No problem, Jasper. You get the benefit of the doubt around here, as
far as I'm concerned. Thanks for saying this, though.
--- In firstname.lastname@example.org
> I am sorry if my comments seemed offensive to you - I did not
intend them to be offensive. I thought I was adding something to the
discussion as it stood at that point.
> Overall, the discussion was interesting.
> gmw <raging.calvinist@v...> wrote:
> Perhaps some confusion is removed if you...
> 1. Don't confuse me with someone who speaks officially for all
> Covenanters. I am not a teacher, preacher, or elder.
> 2. Distinguish between using a song in the act of worship, and
listening to a song in other contexts.
> 3. Don't confuse the advocating of Exclusive Psalmody with burning
anyone at the stake. LOL.
> --- In email@example.com, Jasper
> <jasperh98@y...> wrote:
> > I recall that on various occasions the forum owner here has
extolled the virtues of various secular rock groups such as Kansas,
while verbally "burning at the stake" all christians who sing to God
praises that are not from a Presbyterian-approved version of the
Psalms. Gets a bit confusing. I wonder if Blind Willie Johnson is a
> (see this group's files section)?
> > Jasper
> > Maggie Conley <mmpconley@s...> wrote:
> I agree Ben. This was going to be my response.
> Just because they hold themselves to the designation of being
a "Christian Contemporary Musician" doesn't mean there is some
Eleventh Commandment that says they are required to only sing Praise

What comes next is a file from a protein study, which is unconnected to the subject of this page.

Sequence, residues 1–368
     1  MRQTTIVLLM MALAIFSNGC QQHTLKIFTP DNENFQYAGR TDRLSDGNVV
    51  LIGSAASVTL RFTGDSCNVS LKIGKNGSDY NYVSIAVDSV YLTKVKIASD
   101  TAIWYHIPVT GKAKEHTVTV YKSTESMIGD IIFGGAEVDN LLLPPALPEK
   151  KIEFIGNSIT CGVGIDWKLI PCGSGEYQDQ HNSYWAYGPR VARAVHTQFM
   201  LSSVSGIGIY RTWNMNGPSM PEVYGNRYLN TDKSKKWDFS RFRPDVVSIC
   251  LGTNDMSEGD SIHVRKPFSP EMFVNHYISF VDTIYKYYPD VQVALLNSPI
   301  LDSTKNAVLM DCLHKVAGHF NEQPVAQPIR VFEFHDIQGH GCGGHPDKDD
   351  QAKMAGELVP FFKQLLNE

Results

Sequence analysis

and Worship songs.
> Just like the cobbler in the famous story told about Martin
Luther they can sing whatever they want unto the Lord. So long
as it's contents are not defamatory to the Lord and/or good Doctrine.
> > -----Original Message-----
> > From: Benjamin Hart [mailto:benhartmail@y...]
> > Sent: Monday, January 10, 2005 5:45 AM
> > To: firstname.lastname@example.org
> > Subject: [Covenanted Reformation] Re: The trouble of
uninspired "worship" songs
> For better or for worse, I think Sixpence is in the clear on this
one - it was originally written by a group from the 80's named
Crowded House. I don't think they intended for it to be a worship
song. Other artists who are Christians have covered secular songs
just because they like the tune, lyrics, etc. Jennifer Knapp did
Shawn Colvin's "Diamond in the Rough", Caedmon's Call did U2's "In
God's Country" and the Supertones did Cindy Lauper's "Time after
Time" just for a few examples. I'd be pretty shocked to think
Sixpence considered it a worship song. Was it played during a
designated 'praise and worship'?
> Is there something wrong with Christian's playing secular songs?
> > ---------------------------------
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